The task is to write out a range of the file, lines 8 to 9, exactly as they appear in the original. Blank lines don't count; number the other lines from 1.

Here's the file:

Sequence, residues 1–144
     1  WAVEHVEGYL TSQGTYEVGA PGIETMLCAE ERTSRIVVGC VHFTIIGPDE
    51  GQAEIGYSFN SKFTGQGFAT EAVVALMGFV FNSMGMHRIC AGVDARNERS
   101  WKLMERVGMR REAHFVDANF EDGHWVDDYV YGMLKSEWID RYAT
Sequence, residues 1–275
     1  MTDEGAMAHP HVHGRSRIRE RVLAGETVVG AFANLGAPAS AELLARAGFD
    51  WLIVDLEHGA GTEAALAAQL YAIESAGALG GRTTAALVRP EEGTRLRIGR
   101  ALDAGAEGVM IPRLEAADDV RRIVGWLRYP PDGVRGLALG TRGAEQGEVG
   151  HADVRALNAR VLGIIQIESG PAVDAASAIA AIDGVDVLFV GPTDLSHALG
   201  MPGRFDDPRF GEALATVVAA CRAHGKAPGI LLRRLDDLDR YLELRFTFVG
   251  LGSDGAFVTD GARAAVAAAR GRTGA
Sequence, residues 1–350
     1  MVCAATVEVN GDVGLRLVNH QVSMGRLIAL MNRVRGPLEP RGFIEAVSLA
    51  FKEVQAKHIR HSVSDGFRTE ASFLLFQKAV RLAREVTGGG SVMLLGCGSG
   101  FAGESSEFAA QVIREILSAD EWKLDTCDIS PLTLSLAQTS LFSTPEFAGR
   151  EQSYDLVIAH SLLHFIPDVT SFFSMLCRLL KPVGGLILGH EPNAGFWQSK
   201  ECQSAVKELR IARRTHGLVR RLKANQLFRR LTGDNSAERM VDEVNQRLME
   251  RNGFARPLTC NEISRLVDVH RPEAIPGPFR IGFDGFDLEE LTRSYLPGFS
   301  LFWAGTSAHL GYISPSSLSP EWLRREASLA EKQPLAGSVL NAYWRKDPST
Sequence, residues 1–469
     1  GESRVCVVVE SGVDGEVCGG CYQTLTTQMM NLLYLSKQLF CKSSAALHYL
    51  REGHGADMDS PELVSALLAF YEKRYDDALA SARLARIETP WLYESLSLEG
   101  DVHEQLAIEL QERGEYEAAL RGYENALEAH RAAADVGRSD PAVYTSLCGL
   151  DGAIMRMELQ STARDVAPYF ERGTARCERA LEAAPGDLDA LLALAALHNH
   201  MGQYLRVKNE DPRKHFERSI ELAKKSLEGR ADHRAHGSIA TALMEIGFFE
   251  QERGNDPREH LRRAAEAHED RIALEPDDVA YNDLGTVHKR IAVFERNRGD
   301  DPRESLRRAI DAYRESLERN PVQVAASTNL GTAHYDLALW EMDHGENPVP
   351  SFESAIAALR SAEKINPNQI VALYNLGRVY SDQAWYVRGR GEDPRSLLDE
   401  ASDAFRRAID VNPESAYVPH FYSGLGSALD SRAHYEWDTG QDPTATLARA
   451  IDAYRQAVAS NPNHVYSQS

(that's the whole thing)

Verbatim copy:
   101  ALDAGAEGVM IPRLEAADDV RRIVGWLRYP PDGVRGLALG TRGAEQGEVG
   151  HADVRALNAR VLGIIQIESG PAVDAASAIA AIDGVDVLFV GPTDLSHALG